Thursday, 3 March 2011

Choke (2008).

Sam Rockwell plays a sex-addicted conman named Victor Mancini in this adaptation of the novel by Chuck Palahniuk that is often as darkly amusing as it is offbeat and disturbing.

Starting off at a meeting for sex addicts (a scene that immediately, and inevitably, brings to mind the central character from Fight Club seeking solace in the various meetings he attended), we quickly get to know Sam Rockwell’s character as someone who really doesn’t care for anyone other than himself. Well, okay, there’s his best friend (Brad William Henke) who can’t stop playing with himself and there’s his hospitalised mother (Anjelica Huston) but everyone else seems to be weighed up in terms of potential dollars or potential sexual gratification. As things unfold, however, we find that there is something more to the man. This becomes much more noticeable when he finds himself drawn to Paige Marshall (Kelly Macdonald), a young nurse helping to care for his mother.

Director Clark Gregg (better known nowadays, arguably, for his appearance in the latest wave of Marvel superhero movies but who also wrote the screenplay based on Palahniuk’s novel) certainly shows talent here though he’s helped immeasurably by a central performance from Sam Rockwell that ranks up there with some of his very best (and that’s high praise indeed considering how much I enjoy almost every one of the man’s performances). Rockwell easily moves from venomous slimeball to manipulative smoothie to defensive manchild as the story demands and his bad qualities are just as watchable as the good. Anjelica Huston is also superb in a role that shows her playing a senile, elder figure in the present day and then a radical, off-kilter parent in a number of flashback scenes. Brad William Henke provides many of the easier laughs while Kelly Macdonald is very easy to like. Everyone in supporting roles, including the talented Mr Gregg, do very well.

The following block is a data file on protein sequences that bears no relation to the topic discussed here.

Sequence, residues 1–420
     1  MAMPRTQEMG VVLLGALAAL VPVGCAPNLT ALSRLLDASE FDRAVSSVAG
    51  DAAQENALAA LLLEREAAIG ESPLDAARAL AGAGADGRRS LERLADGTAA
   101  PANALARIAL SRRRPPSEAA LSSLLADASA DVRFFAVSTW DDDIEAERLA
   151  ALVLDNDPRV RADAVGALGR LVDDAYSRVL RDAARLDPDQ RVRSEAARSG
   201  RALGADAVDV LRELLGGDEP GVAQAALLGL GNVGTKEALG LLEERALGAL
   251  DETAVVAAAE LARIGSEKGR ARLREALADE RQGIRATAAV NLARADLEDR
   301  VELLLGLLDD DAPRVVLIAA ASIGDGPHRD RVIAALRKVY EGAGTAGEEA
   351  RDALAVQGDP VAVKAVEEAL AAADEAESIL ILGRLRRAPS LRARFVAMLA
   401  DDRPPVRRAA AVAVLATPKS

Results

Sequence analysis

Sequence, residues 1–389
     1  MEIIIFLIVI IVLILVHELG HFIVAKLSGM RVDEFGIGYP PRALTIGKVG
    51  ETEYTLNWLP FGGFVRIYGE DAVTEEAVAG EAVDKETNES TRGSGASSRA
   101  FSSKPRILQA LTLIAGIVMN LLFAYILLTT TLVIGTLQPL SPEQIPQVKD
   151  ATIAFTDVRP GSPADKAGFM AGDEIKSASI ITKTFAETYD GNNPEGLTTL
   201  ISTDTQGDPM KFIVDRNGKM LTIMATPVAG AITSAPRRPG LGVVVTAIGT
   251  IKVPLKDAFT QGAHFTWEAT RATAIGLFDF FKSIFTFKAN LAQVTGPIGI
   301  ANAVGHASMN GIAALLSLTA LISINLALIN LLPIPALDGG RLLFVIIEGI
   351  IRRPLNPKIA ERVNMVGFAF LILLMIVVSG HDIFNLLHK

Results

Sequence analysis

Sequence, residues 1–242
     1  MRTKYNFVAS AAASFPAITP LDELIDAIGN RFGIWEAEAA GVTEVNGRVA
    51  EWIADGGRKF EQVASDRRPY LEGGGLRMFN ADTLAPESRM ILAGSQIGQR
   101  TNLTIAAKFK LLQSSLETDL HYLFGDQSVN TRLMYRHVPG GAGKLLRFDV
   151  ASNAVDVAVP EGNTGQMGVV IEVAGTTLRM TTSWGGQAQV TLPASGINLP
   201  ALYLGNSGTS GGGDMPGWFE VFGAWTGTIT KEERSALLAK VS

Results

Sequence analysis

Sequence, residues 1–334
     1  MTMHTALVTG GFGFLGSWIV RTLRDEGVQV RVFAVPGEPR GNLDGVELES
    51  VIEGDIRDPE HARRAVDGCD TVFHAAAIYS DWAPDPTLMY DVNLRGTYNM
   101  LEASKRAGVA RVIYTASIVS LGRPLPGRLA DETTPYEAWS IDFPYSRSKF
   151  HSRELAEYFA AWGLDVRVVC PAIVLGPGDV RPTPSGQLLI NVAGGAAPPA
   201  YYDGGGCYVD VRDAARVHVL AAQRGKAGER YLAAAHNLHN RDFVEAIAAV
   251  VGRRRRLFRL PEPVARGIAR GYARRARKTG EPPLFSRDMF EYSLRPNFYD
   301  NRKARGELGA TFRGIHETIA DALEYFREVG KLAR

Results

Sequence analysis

Choke has a number of points that it makes well, some for comedic effect and some to provoke a bit of thought while you’re enjoying the onscreen antics (e.g. the whole choking scam that Rockwell utilises to make money, hence the title of the movie), and it does this without sticking them down our throat, no pun intended. And then in the next minute it gives us something as hilarious as a pretend rape that proves to be just too demanding for the “attacker”, who just can’t get anything the way that the “victim” wants it.

I REALLY liked Choke. It certainly goes way out there at times, especially in the sub-plot that reveals information about Victor’s father, but it’s always still just got one foot touching the ground, thanks to that central performance from Rockwell.


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